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On Holi day, television news showed us the CCTV footage of a woman waking naked asking for help after being gang raped by five men and jumping from first floor. Two cars sped by and many men just look at her till an Auto-rickshaw driver offers her lift to the hospital. On New Year’s Eve Bangalore was shamed by mass molestation of women while thousands of people looked. We saw the disturbing image of an 18 year old boy bleeding to death in Karnataka while the onlookers take video of his preventable death. Insensitivity shown in these cases is not an aberration. Unfortunately such inhumanity and total lack of empathy has become a norm of our increasing centric society.
We all find such apathy appalling and we condemn it, write blogs about it, judge witnesses who do nothing to help in poor light and rightly so but do we ever judge ourselves? Do we introspect? Do we keep ourselves in that situation and honestly ask ourselves- What would I have done instead? When the last time I stopped and helped a person involved in accident or raised my voice against a bully in work place or intervened in domestic violence case of a neighbor or my maid?
“The only thing necessary for the triumph of evil is for good men to do nothing” Edmund Burke
More often than not, the good men /women choose to do nothing. They do not feel morally responsible for something they are not part of. They are just innocent bystanders! Wrong!! There is no such thing as innocent bystander! The very fact of witnessing something makes you part of it, Makes you morally responsible for it.
There is a reason why people in crowd choose to abdicate their responsibility and look the other way. It is explained by ‘Bystander Effect’ a term coined by two American psychologists in 1968- John Darley and Bibb Latane. ‘Bystander Effect’ occurs when presence of others discourages an individual from intervening in an emergency situation. It reasons that people are less likely to offer help when they are in a group rather than when they are alone. It maybe, because of apparent indifference of the crowd and every person taking visual clue from others in the crowd. It may also be because of diffusion of individual responsibility in face of collective responsibility. When a person is alone with a victim he is more likely to offer help because he feels 100% responsible in the scenario and abdicating responsibility may result in 100% guilt- a heavy burden to carry on his shoulders. But in a crowd his individual responsibility shrinks and there is always’ someone else will take care of it’ mentality. The same effect works in reverse I think when people commit crimes in mob.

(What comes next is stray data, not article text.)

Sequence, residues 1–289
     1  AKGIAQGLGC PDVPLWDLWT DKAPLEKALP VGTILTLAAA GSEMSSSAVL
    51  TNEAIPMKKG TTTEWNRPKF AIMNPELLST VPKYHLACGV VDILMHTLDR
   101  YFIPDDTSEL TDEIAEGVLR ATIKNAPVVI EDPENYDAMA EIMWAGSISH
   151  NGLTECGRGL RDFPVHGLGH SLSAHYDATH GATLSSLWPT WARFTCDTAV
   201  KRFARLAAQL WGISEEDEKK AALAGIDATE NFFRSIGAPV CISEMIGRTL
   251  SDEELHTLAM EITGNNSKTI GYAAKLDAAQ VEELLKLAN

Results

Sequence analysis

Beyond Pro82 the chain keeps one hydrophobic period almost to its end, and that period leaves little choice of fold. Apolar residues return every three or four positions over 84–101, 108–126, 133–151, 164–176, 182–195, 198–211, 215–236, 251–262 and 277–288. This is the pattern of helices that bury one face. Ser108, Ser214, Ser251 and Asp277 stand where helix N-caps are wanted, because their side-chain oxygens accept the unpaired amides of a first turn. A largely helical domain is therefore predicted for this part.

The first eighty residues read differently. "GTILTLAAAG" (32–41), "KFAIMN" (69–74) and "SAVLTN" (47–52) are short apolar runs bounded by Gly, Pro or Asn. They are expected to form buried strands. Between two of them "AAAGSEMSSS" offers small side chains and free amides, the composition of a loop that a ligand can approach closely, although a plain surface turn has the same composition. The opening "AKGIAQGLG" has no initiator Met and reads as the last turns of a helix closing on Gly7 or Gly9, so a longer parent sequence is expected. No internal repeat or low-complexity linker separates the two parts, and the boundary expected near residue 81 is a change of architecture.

When the victim is woman and the situation is of rape or molestation there is additional factor which works against men offering her help. The culprit may be sexist attitude and prior history of coercive sexual behaviour towards females. Influence of alcohol and anonymity of crowd aggravates both the vulgarity of mob and apathy of bystanders as recently proved by Bangalore’s molestation case.
The repeated excuse of not helping victims of accidents or abuse is fear of being harassed by hospitals, police and judiciary. People are shy to jump in, be a hero and get hurt in the bargain. But these are just excuses to hide our irresponsibility and insensitivity. Anyways the Supreme Court on 30th March 2016 approved the guidelines issued by the Center for protection of Good Samaritans at the hand of police or any other authority. The guidelines are-
In 2013 a survey by Save Life Foundation found that 15 people are killed every hour in road accidents in India. Every day 16 children die in accidents in India. About 50% of victims die of injuries that could have been treated had they received timely help. It means that more than 70, 0000 lives can be saved every year. However the Survey also pointed out the horrific fact that 74% of Indians were unlikely to help an accident victim!